I first came across her story – that she was the woman in Botticelli’s masterpiece The Birth of Venus—when I visited Florence for the first time, about four years ago now. At the time I was finishing up The Violinist of Venice and getting that ready to send to literary agents, so I filed the story idea about Simonetta and Botticelli away for future reference. When I sold Violinist and got a two-book deal, I thought that maybe it was time to dig out that idea and run with it. I don’t remember consciously making the decision to write from Simonetta’s point of view; it seemed an obvious choice for the idea as I had conceived it, but also as a writer I tend to naturally gravitate toward first person.

Tell us about Simonetta as a character—that is, your Simonetta and how she relates to the historical person. Do we know much about the historical Simonetta?

There is not much information available about the real-life Simonetta, which was at times very frustrating but also freeing from a creative standpoint. I could shape her life in a manner that made sense to me, based on the few facts that we do know, one of which being that she was actually considered the most beautiful woman in Florence in her day. That—and the fact that she was Botticelli’s model for Venus, the goddess of love and beauty—is sort of the core of what we know about her, so as a writer I wanted to explore what such a celebration of physical beauty would be like for a flesh-and-blood woman. My Simonetta is well read and intelligent and wants to be appreciated for that. She doesn’t have any false modesty about her beauty, but she interacts with it in a way that I think is realistic: at times she uses her beauty and its effect on men to her advantage, and at others she is frustrated by that effect. No one is perfect or entirely consistent in their attitudes or feelings from day to day, so that she would do both felt genuine to me.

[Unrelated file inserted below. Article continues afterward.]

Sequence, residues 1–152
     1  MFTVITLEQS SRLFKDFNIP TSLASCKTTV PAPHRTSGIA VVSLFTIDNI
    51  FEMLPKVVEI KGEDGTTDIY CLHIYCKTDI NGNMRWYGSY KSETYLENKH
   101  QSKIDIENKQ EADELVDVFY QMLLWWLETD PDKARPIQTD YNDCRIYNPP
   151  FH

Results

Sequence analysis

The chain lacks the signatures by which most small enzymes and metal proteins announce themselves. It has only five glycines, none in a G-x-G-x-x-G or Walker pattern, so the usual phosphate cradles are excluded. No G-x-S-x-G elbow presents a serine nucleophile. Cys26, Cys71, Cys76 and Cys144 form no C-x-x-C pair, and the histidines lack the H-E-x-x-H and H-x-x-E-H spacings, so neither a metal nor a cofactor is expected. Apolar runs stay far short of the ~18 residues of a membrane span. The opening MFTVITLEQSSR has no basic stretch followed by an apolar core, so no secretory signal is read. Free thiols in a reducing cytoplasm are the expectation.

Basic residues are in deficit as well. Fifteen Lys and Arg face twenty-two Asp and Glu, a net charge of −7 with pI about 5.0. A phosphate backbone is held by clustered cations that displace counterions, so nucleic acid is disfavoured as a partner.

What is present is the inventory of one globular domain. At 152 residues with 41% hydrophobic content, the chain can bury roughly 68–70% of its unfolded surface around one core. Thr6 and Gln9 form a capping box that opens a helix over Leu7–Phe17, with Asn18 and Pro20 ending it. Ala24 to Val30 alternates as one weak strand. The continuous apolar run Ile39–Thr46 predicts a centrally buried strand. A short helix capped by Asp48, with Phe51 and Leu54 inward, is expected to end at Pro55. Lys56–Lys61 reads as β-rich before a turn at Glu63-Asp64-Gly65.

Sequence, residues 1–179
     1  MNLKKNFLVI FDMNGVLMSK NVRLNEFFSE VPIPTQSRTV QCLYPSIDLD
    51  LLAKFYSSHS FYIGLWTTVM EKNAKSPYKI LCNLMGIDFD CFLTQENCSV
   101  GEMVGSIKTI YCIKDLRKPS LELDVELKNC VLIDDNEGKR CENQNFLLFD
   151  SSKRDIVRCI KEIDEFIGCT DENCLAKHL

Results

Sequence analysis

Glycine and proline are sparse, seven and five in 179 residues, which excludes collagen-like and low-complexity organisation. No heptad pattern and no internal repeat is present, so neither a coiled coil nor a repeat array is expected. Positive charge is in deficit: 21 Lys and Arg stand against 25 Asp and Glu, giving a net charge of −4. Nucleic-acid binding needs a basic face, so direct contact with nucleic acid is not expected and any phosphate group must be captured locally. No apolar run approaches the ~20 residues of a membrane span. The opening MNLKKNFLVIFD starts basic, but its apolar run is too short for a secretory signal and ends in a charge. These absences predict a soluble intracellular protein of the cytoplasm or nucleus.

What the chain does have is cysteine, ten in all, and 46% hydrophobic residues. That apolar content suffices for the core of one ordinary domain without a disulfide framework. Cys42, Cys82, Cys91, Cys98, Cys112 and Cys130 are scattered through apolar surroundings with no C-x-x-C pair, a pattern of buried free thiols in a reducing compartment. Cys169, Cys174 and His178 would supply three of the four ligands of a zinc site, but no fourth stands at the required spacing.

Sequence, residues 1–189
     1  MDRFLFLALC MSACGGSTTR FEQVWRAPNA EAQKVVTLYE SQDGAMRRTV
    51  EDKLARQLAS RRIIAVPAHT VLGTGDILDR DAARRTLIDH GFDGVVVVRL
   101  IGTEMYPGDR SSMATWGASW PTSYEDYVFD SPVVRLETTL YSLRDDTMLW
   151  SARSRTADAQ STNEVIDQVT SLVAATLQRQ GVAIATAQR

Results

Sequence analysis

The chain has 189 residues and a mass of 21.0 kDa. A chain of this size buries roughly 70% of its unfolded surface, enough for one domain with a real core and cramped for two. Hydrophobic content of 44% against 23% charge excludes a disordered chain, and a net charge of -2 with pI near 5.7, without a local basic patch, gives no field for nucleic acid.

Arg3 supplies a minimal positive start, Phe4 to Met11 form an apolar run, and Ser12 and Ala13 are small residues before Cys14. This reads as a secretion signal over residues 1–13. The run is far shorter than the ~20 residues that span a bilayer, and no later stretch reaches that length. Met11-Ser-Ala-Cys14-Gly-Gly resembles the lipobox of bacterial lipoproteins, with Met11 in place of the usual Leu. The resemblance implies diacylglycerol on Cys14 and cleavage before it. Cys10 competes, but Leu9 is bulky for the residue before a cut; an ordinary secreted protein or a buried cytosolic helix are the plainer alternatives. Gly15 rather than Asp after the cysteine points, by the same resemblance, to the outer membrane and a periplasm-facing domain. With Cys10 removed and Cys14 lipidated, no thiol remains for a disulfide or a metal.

The man she marries, Marco Vespucci, turns out to be something of a disappointment. What kind of person is he?He is someone else we don’t know too much about historically (though he was a cousin of Amerigo Vespucci, the explorer who gave his name to the new world). In my novel, he starts out as someone Simonetta believes that she loves, as she understands love. But he is ambitious and more worldly than she, and wants to use their marriage to his political and social advantage—certainly not unheard of or even necessarily frowned upon in that time and place, but also not what Simonetta thought she was getting. Their relationship changes a great deal over the course of the novel, but I won’t say too much more to avoid spoilers!